When the U.S. Food and Drug Administration approved the most sweeping reform of food safety laws in nearly a century, North Carolina fruit and vegetable growers needed a hand adapting their operations. CALS faculty have been working with partners statewide to meet those needs.
How, exactly? Through leadership of the Fresh Produce Safety Task Force, created by CALS faculty nearly a decade ago.
Task force members reviewed the proposed Food Safety Modernization Act (FSMA) and assessed its impact. They hosted FDA farm visits, educated growers and associations, and actively collected and delivered their comments straight to lawmakers – giving farmers a science-based voice at the table.
The task force is a partnership of NC State and NC A&T State universities, the N. C. Department of Agriculture and Consumer Services, the North Carolina Farm Bureau, farmers, commodity groups and industry associations statewide.
“North Carolina is leading the country in its effort to help stakeholders comply with FSMA regulations, so that every farm and food manufacturer can contribute to the challenge of feeding the population safe food,” said Chris Daubert, head of the Department of Food, Bioprocessing and Nutrition Sciences.
Signed into law by President Barack Obama in 2011, FSMA aims to keep the country’s food supply safe by shifting the focus from contamination response to prevention, which requires different approaches at all levels.
Food safety faculty secured a $200,000 Golden LEAF Foundation grant in 2016 to provide growers with FSMA training at significantly reduced costs.
And several CALS departments collaborated with Extension to hire five food safety area specialized agents in 2016 — including Lynette Johnston — to help the state’s food and animal feed industry implement FSMA requirements.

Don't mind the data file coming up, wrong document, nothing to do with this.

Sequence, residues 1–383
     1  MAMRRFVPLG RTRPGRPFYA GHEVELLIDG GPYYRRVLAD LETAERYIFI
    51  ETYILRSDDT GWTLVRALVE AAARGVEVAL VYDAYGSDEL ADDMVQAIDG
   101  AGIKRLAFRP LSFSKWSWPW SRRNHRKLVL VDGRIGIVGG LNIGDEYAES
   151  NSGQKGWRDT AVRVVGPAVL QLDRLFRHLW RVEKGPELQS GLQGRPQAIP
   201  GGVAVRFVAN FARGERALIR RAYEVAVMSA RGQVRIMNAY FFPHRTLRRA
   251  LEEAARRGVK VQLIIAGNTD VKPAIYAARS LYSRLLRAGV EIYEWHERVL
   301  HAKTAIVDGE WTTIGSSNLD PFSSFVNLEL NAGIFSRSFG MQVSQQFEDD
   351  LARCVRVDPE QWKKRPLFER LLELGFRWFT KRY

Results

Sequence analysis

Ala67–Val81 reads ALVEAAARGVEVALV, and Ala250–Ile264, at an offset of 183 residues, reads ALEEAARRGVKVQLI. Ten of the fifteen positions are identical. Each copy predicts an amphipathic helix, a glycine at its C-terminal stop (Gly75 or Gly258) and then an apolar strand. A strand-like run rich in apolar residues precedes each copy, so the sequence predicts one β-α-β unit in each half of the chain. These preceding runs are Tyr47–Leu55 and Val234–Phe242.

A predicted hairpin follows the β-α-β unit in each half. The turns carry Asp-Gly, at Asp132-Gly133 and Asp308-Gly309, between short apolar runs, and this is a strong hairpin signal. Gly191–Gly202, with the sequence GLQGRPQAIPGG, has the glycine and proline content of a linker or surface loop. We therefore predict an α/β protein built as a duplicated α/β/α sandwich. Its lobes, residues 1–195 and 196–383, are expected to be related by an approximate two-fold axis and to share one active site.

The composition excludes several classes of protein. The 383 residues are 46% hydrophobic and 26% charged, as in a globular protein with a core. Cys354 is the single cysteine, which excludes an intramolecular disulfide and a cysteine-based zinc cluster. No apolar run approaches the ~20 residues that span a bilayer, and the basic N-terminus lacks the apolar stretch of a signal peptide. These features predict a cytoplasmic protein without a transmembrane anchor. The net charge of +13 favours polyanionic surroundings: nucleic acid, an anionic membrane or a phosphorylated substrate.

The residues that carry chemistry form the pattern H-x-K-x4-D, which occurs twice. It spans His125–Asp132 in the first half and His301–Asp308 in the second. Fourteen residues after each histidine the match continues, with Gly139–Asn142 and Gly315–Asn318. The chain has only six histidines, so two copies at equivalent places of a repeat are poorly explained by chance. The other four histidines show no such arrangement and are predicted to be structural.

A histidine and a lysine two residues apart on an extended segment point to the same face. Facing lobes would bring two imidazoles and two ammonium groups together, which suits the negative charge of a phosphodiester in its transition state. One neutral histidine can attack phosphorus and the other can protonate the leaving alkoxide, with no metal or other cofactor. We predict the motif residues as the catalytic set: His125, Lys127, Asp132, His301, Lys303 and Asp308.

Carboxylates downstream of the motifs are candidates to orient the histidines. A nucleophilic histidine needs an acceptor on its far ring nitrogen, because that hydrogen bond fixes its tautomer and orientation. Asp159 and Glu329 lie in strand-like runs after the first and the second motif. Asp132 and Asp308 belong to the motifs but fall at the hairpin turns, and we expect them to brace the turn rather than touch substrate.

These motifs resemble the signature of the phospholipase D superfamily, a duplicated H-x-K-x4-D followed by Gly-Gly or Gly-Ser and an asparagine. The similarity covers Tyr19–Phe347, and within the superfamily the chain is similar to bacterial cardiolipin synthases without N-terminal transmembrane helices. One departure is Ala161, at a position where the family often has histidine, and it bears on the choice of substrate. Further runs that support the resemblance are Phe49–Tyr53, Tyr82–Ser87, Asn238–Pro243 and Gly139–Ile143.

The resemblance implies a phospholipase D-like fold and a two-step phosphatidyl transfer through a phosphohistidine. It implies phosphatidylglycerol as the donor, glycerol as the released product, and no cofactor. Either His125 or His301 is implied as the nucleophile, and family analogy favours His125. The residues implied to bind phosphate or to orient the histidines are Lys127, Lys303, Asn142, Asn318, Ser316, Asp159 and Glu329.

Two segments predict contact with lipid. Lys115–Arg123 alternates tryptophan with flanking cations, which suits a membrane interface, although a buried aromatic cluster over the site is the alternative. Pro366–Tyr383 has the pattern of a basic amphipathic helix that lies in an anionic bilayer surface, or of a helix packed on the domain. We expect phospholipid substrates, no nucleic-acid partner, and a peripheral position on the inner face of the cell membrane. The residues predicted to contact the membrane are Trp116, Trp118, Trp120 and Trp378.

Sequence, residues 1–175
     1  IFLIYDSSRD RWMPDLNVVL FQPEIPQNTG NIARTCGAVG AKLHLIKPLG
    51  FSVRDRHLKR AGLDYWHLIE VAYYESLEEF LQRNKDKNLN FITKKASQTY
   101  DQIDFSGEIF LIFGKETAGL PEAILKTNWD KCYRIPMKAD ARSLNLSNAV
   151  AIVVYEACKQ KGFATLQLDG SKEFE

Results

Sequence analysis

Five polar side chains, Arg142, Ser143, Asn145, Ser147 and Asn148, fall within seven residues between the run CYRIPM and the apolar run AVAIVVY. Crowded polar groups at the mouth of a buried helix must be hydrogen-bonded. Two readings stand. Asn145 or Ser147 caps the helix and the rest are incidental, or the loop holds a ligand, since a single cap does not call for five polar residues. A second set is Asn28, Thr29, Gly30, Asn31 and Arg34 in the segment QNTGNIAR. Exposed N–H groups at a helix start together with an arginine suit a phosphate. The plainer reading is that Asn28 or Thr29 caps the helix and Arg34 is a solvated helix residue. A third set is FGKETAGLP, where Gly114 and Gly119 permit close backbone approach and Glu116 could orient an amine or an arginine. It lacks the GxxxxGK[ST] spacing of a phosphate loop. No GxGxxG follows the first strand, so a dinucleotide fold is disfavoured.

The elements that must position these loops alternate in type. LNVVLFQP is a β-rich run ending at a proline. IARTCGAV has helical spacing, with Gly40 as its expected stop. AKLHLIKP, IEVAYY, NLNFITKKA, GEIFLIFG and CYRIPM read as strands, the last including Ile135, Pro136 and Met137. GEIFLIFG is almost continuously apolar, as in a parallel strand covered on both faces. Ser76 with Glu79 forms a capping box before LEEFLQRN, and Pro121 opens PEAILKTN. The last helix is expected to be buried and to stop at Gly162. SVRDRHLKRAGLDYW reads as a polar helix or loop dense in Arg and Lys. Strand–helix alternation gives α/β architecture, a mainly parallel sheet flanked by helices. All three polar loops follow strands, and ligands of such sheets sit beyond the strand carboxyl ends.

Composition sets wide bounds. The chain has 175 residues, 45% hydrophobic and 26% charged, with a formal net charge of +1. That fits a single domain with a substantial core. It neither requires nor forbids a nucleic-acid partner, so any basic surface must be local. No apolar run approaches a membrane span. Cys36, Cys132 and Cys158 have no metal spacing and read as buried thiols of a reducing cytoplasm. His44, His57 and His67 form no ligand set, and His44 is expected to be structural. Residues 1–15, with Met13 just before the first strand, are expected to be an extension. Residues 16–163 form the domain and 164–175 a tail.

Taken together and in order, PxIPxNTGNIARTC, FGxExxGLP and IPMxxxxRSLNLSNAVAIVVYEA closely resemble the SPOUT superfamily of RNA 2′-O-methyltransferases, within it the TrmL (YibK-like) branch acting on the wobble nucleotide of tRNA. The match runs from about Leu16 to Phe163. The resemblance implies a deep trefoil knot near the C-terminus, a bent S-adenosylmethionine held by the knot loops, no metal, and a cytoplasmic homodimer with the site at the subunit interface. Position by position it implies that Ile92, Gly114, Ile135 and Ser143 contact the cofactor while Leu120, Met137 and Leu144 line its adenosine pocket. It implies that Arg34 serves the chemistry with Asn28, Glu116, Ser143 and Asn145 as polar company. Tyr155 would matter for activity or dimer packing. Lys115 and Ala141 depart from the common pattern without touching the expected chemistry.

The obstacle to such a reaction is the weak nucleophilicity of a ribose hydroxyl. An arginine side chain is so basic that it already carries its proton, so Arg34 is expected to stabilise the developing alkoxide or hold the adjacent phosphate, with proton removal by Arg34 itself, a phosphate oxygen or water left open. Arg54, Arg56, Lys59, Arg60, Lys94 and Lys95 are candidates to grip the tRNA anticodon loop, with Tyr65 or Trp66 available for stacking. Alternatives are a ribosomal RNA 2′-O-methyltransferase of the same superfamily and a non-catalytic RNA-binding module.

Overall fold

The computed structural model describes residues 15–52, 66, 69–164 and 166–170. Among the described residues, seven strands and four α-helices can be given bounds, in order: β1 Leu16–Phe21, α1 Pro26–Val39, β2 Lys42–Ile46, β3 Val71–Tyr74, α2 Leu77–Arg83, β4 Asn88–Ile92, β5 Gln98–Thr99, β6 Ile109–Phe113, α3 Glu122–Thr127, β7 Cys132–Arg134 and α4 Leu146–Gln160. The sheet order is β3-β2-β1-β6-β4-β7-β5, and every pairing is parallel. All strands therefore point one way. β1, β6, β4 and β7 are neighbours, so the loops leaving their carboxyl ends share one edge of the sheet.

“Compliance dates for many farmers and processors [of both human and animal food] are fast approaching,” Johnston said. “Our team’s most pressing goal is to effectively train as many farms and food manufacturers as possible on how to comply with the new regulations.”
The NC State team is “incredibly helpful,” said Larry Kohl, director of food safety and quality assurance for Food Lion parent company Delhaize America. His staff took a course led by Johnston and area specialized agent Chip Simmons.
“We were able to create customized examples integrated throughout the training curriculum specific to a distribution center,” Kohl said. “This was highly impactful to our associates and further enabled them to apply the training.”
Three Extension specialists — Ben Chapman (food safety), Chris Gunter (vegetable production) and Adam Farenholz (feed mill), pictured above — have created training curricula that are now used as national models.
Gunter also is working with the National Association of State Departments of Agriculture to develop the On-Farm Readiness Review Tool that prepares growers for on-farm inspections for fresh produce safety. After helping roll out the program in Michigan and Florida, Gunter is gearing up for the next on-farm pilot, which takes place in North Carolina.
“I believe the task force and its ability to connect producers, university research and Extension personnel, regulatory agency staff and all of the support industry stakeholders statewide has been a critical component of increasing awareness of fresh produce safety across the state,” he said. “This has been a great collaborative effort.”
CALS grad Caitlin Boon serves as senior adviser to the director of the U.S. Food and Drug Administration’s Center for Food Safety and Applied Nutrition. She provides advice to senior management on scientific, policy and operational issues, including FSMA.
Read Caitlin’s story here.